There’s that pesky issue of sovereignty again. Recall that it is a huge driver for the demonstrations by Imran Khan’s PTI party that have shut down NATO convoys on Pakistan’s northern supply route. And Khan appears to be gearing up for his protests to stage major events in Lahore and even Islamabad next week.
Writing in The Atlantic this morning, Conor Friedersdorf poses some interesting questions regarding the strike:
On my wedding day, my wife and I hired a couple of shuttle vans to ferry guests between a San Clemente hotel and the nearby site where we held our ceremony and reception. I thought of our friends and family members packed into those vehicles when I read about the latest nightmarish consequence of America’s drone war: “A U.S. drone mistakenly targeted a wedding convoy in Yemen’s al-Baitha province after intelligence reports identified the vehicles as carrying al Qaeda militants,” CNN reported, citing government sources in Yemen. “The officials said that 14 people were killed and 22 others injured, nine in critical condition. The vehicles were traveling near the town of Radda when they were attacked.”
Can you imagine the wall-to-wall press coverage, the outrage, and the empathy for the victims that would follow if an American wedding were attacked in this fashion? Or how you’d feel about a foreign power that attacked your wedding in this fashion?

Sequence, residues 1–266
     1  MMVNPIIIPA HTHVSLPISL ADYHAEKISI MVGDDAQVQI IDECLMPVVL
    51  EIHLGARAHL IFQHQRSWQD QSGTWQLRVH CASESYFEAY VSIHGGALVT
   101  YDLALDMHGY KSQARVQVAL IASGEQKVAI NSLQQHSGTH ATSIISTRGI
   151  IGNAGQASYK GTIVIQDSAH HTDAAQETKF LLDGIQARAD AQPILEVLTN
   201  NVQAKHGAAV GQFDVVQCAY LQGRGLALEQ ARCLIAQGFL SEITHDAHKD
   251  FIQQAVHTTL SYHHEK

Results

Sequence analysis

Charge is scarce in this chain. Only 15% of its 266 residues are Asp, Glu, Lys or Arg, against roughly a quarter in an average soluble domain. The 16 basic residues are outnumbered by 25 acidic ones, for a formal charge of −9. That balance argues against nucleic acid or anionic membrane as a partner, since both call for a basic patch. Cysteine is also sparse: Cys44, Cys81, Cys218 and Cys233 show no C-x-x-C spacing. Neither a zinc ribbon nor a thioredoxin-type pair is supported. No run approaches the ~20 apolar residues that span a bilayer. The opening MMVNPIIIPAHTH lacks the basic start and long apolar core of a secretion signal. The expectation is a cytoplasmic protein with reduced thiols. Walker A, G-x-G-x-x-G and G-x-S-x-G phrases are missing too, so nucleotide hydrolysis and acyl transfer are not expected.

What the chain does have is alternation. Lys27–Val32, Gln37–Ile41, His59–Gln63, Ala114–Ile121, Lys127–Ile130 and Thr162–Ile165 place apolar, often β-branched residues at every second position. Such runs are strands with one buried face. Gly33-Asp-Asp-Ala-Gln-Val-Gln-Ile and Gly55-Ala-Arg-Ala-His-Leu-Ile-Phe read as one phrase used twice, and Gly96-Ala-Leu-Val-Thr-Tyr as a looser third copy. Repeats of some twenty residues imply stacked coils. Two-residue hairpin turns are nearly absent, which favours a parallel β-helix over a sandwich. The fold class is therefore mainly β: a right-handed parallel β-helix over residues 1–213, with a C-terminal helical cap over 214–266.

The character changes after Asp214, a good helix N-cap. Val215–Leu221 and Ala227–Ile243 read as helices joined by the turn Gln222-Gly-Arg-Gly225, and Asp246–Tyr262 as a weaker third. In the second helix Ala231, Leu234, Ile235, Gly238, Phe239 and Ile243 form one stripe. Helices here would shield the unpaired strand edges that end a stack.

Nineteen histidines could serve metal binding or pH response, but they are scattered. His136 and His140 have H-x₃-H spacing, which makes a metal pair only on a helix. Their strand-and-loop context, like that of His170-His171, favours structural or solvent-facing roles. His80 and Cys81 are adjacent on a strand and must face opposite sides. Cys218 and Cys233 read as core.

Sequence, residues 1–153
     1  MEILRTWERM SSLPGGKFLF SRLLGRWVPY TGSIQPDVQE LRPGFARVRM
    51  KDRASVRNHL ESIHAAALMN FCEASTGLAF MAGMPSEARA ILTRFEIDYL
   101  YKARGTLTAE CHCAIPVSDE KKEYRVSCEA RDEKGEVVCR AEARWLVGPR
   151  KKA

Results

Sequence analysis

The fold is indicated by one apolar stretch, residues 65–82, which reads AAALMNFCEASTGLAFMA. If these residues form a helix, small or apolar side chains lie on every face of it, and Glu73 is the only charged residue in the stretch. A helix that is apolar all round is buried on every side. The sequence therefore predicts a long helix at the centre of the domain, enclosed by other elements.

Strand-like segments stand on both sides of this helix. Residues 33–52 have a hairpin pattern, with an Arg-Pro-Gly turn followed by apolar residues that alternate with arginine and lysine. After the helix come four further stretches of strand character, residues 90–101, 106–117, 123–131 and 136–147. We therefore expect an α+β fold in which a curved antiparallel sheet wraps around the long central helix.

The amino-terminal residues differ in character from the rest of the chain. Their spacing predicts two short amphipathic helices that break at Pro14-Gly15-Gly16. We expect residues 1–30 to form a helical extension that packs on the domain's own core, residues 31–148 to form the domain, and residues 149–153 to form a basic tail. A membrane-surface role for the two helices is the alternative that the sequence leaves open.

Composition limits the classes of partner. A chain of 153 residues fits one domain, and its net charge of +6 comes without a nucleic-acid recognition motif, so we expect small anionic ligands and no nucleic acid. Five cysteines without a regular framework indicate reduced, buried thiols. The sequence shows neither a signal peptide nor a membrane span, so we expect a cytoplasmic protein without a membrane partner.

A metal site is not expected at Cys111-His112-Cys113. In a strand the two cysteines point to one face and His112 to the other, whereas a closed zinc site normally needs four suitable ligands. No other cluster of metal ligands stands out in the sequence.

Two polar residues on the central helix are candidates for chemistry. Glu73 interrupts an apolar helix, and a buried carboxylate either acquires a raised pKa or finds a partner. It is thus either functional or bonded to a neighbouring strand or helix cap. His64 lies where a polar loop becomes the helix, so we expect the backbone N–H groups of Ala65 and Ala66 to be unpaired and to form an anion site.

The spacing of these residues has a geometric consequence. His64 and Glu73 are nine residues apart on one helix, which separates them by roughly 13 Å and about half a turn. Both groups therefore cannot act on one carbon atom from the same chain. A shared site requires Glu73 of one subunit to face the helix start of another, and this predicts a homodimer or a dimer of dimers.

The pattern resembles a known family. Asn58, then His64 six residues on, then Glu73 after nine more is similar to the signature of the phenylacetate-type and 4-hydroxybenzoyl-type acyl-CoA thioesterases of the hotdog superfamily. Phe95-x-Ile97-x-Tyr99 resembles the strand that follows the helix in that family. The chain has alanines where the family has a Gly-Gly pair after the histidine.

The vote in Parliament wasn’t the only fallout from the drone strike. Pakistan Today has more of what happened in response:
Relatives of the dead staged protests to denounce the killings and demanded an official apology as well as compensation. Hundreds of people also blocked the road between Rada and Sanaa at Friday s funeral of 13 people but reopened a day later after reaching agreement on compensation with local military authorities. “If the government fails to stop American planes from… bombing the people of Yemen, then it has no rule over us,” tribal chief Ahmad al-Salmani told AFP on Saturday.
The Pakistan Today article goes on to say that two of those killed were previously on the list of wanted al Qaeda suspects (when coupled with the observation above, does this mean they had been on the list previously but weren’t when they were actually hit?), but most of those killed came from prominent families:
Two of the dead whose names were released — Saleh al-Tays and Abdullah al-Tays — had figured in the past on Yemeni government lists of wanted Al-Qaeda suspects. But most of those killed were civilians of the Al-Tays and Al-Ameri – which are part of the large and heavily armed Qayfah tribe.
So the US has killed a large number of innocent people from a large and heavily armed tribe. What could go wrong with that? The CNN article on Yemen’s Parliament vote gives us a preview:
But the U.S.-based Human Rights Watch reported in October that at least 57 civilians had also been killed by missiles fired from the unmanned aircraft. And some Yemeni security experts argue that drone strikes have aided al Qaeda by turning peaceful tribal communities into vengeful killers.
That’s the ticket! Let’s turn a large and heavily armed tribe into vengeful killers working with al Qaeda. Then we’ll need even more drone strikes and then…